If we can all (Orthodox, Anglican Catholic and others) agree that our understanding of the ‘faith once delivered’ can deepen and develop, then the question arises of who determines whether a particular understanding is in line with tradition or departs from it? The search for authority continues, wearisome though it may seem to some of you who already have your answers.
One of the most attractive aspects of the form of Protestantism I grew up with was that it was dynamic; it expected us to grow in the Lord. The idea that the faith was delivered once for all to the Apostles is directly from the Scriptures, but our history tells us that we (Christians) did not understand it all at once, or even over a few years. indeed, surely one of the points of Paul’s letters is that even those converted by him through the Spirit, did not ‘get it’, and even when they did, some of them fell away. That was why the letters were written; it was why they were kept; it is why we read them to this day.
Yet. St. Peter himself acknowledged that they were not always easy to understand, and warned us that some people, in their attempt to do so, had twisted his words. So, from the beginning, the Spirit guided Christians; indeed we might even say that that is why God inspired Scripture itself, so that we should have God’s word to hand. But Scripture does not verify itself or validate itself or explain itself. Anyone readng the story of the early church Councils will know that our faith was hammered out on the anvils of controversy,
It won’t do to say that what an ecumenical council says is so is so, not least because, no more than Scripture, does an ecumenical council verify itself. No one said before Nicaea or Ephesus that this was going to be an ecumenical council, and the Orthodox are right to say that only when it is accepted by the people and bishops as such is a Council ecumenical. But that is not quite right either – there are plenty of councils we call local whose decision were so approved, and yet they remain local.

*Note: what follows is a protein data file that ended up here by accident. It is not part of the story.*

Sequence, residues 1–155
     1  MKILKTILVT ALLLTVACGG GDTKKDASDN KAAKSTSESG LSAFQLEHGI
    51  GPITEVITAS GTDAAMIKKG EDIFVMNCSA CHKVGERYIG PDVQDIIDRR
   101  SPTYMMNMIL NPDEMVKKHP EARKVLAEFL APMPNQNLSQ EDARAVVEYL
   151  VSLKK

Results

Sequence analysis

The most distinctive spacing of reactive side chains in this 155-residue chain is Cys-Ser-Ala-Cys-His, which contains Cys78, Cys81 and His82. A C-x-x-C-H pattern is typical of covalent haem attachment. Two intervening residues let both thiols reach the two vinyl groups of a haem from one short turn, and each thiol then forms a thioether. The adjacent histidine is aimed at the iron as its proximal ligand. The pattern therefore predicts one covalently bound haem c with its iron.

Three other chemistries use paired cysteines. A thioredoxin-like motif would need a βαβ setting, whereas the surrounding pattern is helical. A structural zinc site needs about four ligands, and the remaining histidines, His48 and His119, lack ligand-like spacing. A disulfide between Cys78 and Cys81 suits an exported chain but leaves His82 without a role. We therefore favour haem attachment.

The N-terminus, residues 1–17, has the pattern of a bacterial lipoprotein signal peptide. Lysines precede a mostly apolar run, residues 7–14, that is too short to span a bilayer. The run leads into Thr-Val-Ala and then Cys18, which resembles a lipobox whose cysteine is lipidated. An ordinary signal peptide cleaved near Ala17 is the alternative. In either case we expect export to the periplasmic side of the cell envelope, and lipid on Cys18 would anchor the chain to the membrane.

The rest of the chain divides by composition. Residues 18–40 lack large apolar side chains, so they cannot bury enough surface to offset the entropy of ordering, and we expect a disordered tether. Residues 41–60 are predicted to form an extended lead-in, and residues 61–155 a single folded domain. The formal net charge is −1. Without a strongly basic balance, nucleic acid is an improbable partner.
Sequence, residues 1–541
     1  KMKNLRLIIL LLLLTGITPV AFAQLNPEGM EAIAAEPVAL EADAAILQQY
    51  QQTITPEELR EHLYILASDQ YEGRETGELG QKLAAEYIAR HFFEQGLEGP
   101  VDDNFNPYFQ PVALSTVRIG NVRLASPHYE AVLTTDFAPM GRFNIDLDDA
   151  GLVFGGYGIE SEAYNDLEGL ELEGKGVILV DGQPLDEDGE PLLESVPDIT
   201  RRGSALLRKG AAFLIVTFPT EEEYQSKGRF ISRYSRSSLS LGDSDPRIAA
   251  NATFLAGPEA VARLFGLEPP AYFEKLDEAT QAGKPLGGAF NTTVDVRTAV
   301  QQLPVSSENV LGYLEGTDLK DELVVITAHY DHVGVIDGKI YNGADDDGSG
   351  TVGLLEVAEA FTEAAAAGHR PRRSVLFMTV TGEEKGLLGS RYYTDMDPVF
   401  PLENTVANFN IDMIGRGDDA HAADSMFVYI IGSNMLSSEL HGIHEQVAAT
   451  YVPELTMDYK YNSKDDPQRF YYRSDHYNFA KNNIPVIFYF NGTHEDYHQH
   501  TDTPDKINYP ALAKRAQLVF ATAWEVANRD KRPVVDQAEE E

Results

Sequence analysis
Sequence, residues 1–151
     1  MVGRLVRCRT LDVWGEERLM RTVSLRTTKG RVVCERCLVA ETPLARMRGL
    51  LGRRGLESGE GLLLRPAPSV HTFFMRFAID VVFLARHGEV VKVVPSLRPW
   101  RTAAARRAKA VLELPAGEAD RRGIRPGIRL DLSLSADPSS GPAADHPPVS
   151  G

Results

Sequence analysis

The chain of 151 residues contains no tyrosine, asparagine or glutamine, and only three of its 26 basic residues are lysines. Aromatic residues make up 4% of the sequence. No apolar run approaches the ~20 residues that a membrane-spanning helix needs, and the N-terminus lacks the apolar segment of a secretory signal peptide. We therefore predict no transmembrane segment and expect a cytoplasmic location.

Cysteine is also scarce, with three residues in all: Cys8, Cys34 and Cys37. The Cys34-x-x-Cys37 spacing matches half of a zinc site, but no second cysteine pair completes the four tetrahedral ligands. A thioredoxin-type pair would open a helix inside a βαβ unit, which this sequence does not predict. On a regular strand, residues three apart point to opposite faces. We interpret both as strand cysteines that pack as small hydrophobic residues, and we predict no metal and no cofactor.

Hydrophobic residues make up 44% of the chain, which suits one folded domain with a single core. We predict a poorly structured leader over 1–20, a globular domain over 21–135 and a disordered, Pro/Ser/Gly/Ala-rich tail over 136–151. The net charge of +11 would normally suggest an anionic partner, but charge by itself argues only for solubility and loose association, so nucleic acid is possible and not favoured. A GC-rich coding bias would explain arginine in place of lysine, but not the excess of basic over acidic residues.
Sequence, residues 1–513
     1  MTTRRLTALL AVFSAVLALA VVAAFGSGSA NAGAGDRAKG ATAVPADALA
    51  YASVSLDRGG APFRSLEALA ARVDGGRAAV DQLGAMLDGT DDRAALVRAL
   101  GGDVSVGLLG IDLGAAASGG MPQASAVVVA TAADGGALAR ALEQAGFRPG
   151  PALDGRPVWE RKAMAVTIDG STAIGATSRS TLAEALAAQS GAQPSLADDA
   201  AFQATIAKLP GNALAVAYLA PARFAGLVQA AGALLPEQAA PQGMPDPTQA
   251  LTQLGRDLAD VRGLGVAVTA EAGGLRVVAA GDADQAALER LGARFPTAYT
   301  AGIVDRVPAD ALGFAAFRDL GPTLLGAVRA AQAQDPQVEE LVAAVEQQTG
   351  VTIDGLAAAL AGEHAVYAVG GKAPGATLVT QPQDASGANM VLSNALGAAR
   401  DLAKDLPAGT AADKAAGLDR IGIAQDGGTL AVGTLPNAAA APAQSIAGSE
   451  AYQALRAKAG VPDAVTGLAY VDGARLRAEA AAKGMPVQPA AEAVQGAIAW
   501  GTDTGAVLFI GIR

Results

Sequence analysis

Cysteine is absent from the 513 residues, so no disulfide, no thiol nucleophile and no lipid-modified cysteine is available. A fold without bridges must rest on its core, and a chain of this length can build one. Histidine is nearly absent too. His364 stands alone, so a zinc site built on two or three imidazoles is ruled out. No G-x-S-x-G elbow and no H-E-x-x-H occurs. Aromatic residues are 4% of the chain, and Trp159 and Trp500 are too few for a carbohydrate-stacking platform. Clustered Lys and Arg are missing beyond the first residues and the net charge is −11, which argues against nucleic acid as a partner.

Moreover, no more than the maxim of St. Vincent Lerins tells us what has been believed everywhere at all times by everyone, does the Orthodox idea of Councils becoming ecumenical when they are approved by the faithful quite work. 1600 years after the Chalcedonians accepted the proceedings of the Council of 451, there is a whole bunch of faithful Orthodox Christians who don’t; indeed, there are some Christians from the Church of the East who don’t accept Ephesus as ecumenical either.
So, for the Chalcedonian East to accept only the first Seven Councils as ecumenical, is to arrogate to themselves, and themselves alone, a decision on what is and is not ecumenical; and who gave them that right? As they criticise Catholics form having another 14 Councils, Copts criticise them for having three more than they recognise, and the Assyrians four more. Perhaps the true Fundamentalists only recognise the Council in Acts 15?
One of the disadvantages of having a somewhat idealised view of the church is that one gets disillusioned by the reality. Those scandalised by runours of plots and machinations at the current Synod in Rome had best not read anything about the earlier Councils, where Bishops used to punch other bishops, and where bribes were paid and bishops excommunicated other bishops, or indeed, where they accused each other of unspeakable crimes, not least because if they did, they might have to stop being alarmist and admit that, at worse, Synods and Councils have got no worse. God somehow builds straight with the crooked timber of humanity; he has done so from the beginning and will continue to do so.